Monday, August 30, 2010

Software Test Automation Workshop in Oklahoma City - Sept 14 and 15, 2010

(This event has passed, but we offer an e-learning version, or will be happy to bring this training course to your company.)

I'm excited to announce we're holding the Practical Software Test Automation workshop in Oklahoma City on Tuesday, Sept. 14 and Wednesday, September 15, 2010.

The workshop will be held at the Hampton Inn, I-40 East (Tinker AFB) location at:

1833 Center Drive
Midwest City, Oklahoma, USA, 73110

You can see the details (outline, pricing, etc.) and register at:

GSA discounts are available for this workshop. Just contact me for details.

I hope to see you there!

Friday, August 13, 2010

U.S. To Train 3,000 Offshore IT Workers

I ran across this article in Information Week and I'm thinking, "What's wrong with this picture?" We have unemployed IT workers here in the USA and it seems that we are training people who will eventually compete with them for the few jobs that exist. By the way, there is an update that we will be doing the same thing in Armenia. Of course, this will all be done with borrowed money.

Some key quotes:

"Despite President Obama's pledge to retain more hi-tech jobs in the U.S., a federal agency run by a hand-picked Obama appointee has launched a $36 million program to train workers, including 3,000 specialists in IT and related functions, in South Asia. Following their training, the tech workers will be placed with outsourcing vendors in the region that provide offshore IT and business services to American companies looking to take advantage of the Asian subcontinent's low labor costs.

Under director Rajiv Shah, the United States Agency for International Development will partner with private outsourcers in Sri Lanka to teach workers there advanced IT skills like Enterprise Java (Java EE) programming, as well as skills in business process outsourcing and call center support. USAID will also help the trainees brush up on their English language proficiency."

I don't know. I've stopped asking "why?" Back when outsourcing became all the rage we were told that in a new service economy people would rise to higher level positions. Instead, these US IT workers are trying to find the best position they can in an economy where there is a race to the bottom in terms of pay.

I know there are job training programs here in the USA, but even trying to find the front door to those programs is difficult. How often do you see those advertised? And now even those programs are being cut due to lack of funds. I guess we need to pay for other training programs for people in...Sri Lanka, Armenia and who knows where else.

I would love to hear your thoughts on this.

Sunday, August 01, 2010

The SaaS Performance Risk - An Example from Twitter.

Recently I was interviewed about application performance risks. The final question was, "What are some performance risks you see in new technologies?" My answer was the cloud computing and Software as a Service (SaaS) risk.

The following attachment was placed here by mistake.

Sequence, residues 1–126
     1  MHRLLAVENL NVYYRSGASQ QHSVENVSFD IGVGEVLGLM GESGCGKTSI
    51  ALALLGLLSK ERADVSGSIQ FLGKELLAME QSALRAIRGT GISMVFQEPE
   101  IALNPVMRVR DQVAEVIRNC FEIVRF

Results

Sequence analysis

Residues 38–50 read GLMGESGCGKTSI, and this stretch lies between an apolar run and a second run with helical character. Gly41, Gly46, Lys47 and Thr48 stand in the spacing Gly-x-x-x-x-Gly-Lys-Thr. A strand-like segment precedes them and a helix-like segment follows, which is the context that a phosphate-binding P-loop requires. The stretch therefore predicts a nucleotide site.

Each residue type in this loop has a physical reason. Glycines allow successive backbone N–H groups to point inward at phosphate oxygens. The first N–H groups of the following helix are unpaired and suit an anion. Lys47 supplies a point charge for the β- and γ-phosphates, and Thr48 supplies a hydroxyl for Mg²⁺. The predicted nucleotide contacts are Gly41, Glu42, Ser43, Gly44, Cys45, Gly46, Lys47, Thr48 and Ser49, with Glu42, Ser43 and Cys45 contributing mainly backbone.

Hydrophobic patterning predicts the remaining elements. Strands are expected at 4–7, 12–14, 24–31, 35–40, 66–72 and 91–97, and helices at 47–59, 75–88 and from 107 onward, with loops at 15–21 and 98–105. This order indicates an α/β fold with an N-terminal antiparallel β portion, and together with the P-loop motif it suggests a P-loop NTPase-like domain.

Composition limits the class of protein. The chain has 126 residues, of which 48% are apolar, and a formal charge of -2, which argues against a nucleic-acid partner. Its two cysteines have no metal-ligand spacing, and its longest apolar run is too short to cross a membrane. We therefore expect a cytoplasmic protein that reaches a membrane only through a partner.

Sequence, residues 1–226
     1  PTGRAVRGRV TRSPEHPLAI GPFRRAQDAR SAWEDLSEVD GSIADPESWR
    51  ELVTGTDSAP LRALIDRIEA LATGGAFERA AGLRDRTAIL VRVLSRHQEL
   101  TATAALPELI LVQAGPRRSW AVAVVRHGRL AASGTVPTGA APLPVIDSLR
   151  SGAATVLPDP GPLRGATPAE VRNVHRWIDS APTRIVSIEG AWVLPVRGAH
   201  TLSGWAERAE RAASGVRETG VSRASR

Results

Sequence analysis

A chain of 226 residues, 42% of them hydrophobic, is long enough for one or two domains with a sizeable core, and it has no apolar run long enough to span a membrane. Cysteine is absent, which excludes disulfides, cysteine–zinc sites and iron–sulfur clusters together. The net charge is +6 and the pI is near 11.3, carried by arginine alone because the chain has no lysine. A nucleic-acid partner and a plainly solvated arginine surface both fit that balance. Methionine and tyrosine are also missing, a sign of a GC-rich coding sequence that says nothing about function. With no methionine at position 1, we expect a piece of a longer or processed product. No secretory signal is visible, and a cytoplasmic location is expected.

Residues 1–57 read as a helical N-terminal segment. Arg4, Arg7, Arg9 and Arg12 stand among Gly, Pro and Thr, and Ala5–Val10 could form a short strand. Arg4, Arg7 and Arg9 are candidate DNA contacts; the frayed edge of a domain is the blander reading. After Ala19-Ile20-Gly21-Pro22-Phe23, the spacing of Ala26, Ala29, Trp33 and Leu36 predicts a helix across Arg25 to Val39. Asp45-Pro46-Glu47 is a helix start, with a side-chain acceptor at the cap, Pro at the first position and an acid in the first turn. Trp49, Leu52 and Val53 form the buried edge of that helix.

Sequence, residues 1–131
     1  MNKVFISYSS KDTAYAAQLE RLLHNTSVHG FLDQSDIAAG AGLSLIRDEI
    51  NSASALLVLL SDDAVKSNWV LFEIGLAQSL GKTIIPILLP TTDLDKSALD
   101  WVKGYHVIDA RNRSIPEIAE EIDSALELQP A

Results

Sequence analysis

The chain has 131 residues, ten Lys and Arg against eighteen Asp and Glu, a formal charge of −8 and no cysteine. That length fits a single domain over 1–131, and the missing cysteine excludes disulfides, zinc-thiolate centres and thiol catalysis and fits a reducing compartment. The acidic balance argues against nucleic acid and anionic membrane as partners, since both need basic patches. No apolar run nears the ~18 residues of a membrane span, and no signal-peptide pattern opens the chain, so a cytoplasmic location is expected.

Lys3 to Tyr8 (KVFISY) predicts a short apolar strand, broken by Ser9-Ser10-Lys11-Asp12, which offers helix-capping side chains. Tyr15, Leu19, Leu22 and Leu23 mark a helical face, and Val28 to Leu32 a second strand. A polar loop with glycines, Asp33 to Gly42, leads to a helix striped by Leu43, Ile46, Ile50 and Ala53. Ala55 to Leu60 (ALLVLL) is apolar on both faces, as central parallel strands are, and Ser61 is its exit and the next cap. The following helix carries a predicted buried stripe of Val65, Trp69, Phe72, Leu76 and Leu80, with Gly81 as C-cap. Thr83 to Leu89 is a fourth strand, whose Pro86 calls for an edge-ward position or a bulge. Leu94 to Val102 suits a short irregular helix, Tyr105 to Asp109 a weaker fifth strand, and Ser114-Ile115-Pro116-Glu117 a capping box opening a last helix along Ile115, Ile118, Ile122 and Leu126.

Actually, there are many risks and concerns in the SaaS model. This is not to say the model does not have value, even great value. It's just that there are things you need to know before adopting SaaS.

The basic idea of SaaS is that you use software applications that are developed, hosted and maintained by a vendor. You trust that the processing will be correct, fast enough for you, secure, easy to use, available, reliable, etc. However, you have no control over those things. When the vendor has a problem, you have a problem. That can be a rude awakening to people.

To illustrate the performance risk, I saw an article recently about the overload at Twitter:

Twitter has a huge challenge with extreme traffic spikes. Now, on the upside, this is not a national security type of application, and most of us Twitter users have gotten used to the "Fail Whale" picture and just say, "Oh, well...I'll tweet that later."

Then, other things happen:

But there is a business impact to the companies that sell services interfaced to Twitter:

"'Twitter API issues in the previous weeks have been terrible for us," said Loic Le Meur, founder and CEO of Seesmic, which makes Twitter client applications for various desktop and mobile platforms. 'Users always blame Seesmic first since it's their primary interface to Twitter. It's extremely frustrating because there is nothing else we can do than warning users Twitter has problems. It is very damaging for us since users start to look for alternatives, which fortunately have the same problems, but damage to the brand is done,' he said via e-mail.'"

To be fair to Twitter, they've done a lot to improve reliability in recent years.

In a related story, from last week, I read on

"Interest in the SaaS (software as a service) delivery model is growing to the point that by 2012, almost 85 percent of new vendors will be focused on SaaS services, according to new research from analyst firm IDC. Also by 2012, some two-thirds of new offerings from established vendors will be sold as SaaS, IDC said."

So, what does all this mean to you?

If you are considering SaaS as a major application delivery method, then be aware of the risks. In reality, there isn't a lot you can do during a SaaS failure. For example, you can't just call up the folks at Twitter and tell them to "get it fixed" (like perhaps you can speak with the developers in your own company).

Some of this goes back to service-level agreements (SLA), but no vendor I know of will guarantee 100% uptime. Even if they did, there are other risks, such as correctness, not typically covered in an SLA.

I wish I had a handy list of things to mitigate the risks, but every case is different.

I would be interested in hearing your experiences with SaaS and how you deal with the risks, so please leave a comment.